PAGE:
xmlns:b='http://www.google.com/2005/gml/b' xmlns:data='http://www.google.com/2005/gml/data' xmlns:expr='http://www.google.com/2005/gml/expr' Back to School: Make This Their Most Successful Year Yet | The Parent Game

Thursday, 18 August 2016

Back to School: Make This Their Most Successful Year Yet

It’s hard to believe that it’s already time to be thinking about going back to school, but this time of year is always full of surprises. Whether you’ve had a summer full of sunshine or have been waiting for the rain to stop so you can go outside, September will be here sooner than we can say “school uniform”. Among the dash to buy new stationery and school shoes, make sure you take time to think about how you can support your child’s school experience this year, and whether you can make any positive changes at home to help them.

Create a Study Space

By far the most useful thing you can do to help your child with home studying is to create an environment that is conducive to learning. Although this might seem difficult if you have a small space to work with, it’s actually surprising how easy it is to adapt a space to suit your child’s needs. If they prefer to work alone in an enclosed space, you could help them to create a study den using throws and pillows. If you don’t have a small enough room to use for this, you could even install internal bifold doors that will give them the privacy they need as you can separate areas of your living space.

If your child prefers to work in a more social environment, you can facilitate this by providing them with their own desk to work at in a family room or kitchen. In order to know what environment they prefer to study in, it’s important to talk to them about where they find it easiest to study. By working together to build this environment, you’re more likely to get them to cooperate when it comes to actually studying.

Take an Educational Trip

It might be nearly time for school to start, but it’s not too late to take a little family trip somewhere that will be educational as well as fun. Depending on where you are based, you might need to travel a little to get to the nearest museum, castle or art gallery, but it will certainly be worth it. Lead by example by taking a genuine interest in the place you are visiting, and make sure you have plenty of conversations about it before, during and afterwards. This will foster a love of learning in your child by linking it to fun activities and family days out. Bristol is full of cultural and educational places to visit, you can see all our favourites by clicking the link. Here is Luke learning about knots on the SS Great Britain.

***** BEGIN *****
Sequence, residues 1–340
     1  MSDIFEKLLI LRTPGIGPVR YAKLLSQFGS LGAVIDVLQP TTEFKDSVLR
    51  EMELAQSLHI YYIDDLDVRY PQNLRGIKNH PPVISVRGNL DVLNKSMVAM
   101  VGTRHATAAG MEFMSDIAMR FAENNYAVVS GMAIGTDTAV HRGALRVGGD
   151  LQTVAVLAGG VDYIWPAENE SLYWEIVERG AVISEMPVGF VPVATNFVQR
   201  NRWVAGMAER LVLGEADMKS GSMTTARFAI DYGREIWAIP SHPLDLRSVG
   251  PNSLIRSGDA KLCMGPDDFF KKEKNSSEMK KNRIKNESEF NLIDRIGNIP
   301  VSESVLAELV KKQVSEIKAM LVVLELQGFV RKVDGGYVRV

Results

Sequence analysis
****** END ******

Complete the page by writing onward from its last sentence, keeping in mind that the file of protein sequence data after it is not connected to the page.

If you aren’t able to take a day trip as a family, you could try having a fun educational day at home instead. This is a particularly good idea for younger children, as you can allow them to choose the subject and then gather plenty of ideas from the internet. Whether they’re into a specific animal, place or book, it’s the perfect opportunity to bring learning into the home and use your weekends in a meaningful way.

Keep Asking Questions

Once the school year begins and the old routine sets in, it can be all too easy to just leave them to it and take a backseat. While some children might appreciate the lack of pressure that this offers, ultimately it is more beneficial in the long run to show a real interest and be involved in your child’s school experience. Not only will it help to strengthen your relationship, it will also allow you to notice any issues they might be having as soon as they arise.

The key to talking to your child about school is to ask specific questions, not just general ones. Rather than asking “how is school going?” or “how was your day?”, ask “how is your maths work going?” or “how did your science experiment go today?”. This requires you to know a great deal more about what they are doing at school, which you can only get from speaking to them in the first place. If your child is reluctant to talk about their school work, don’t push it, but instead try talking to them about the social aspects of school, or an extracurricular activity they’re doing. This will open things up for future discussions about school. If you have the time, consider helping out in class for a few hours a week, or perhaps volunteering on school trips. This gives an opportunity to get to know the staff better and see how the school functions day to day. Here is Luke on a school trip aboard The Matthew.

Go Beyond the Marks

As we all know, school is about much more than doing well in tests. Although gaining qualifications is an essential part of the overall school experience, your child’s social, physical and emotional development is also key. Remember this when you’re speaking to your child about school, and make sure you show an interest in their friends, hobbies and personal interests. This will be particularly beneficial for children who prefer sports or arts to academia, or those who excel socially but find studying to be a challenge. By taking the focus off of exam results, you can take the pressure away and help your child to feel supported throughout the school year.


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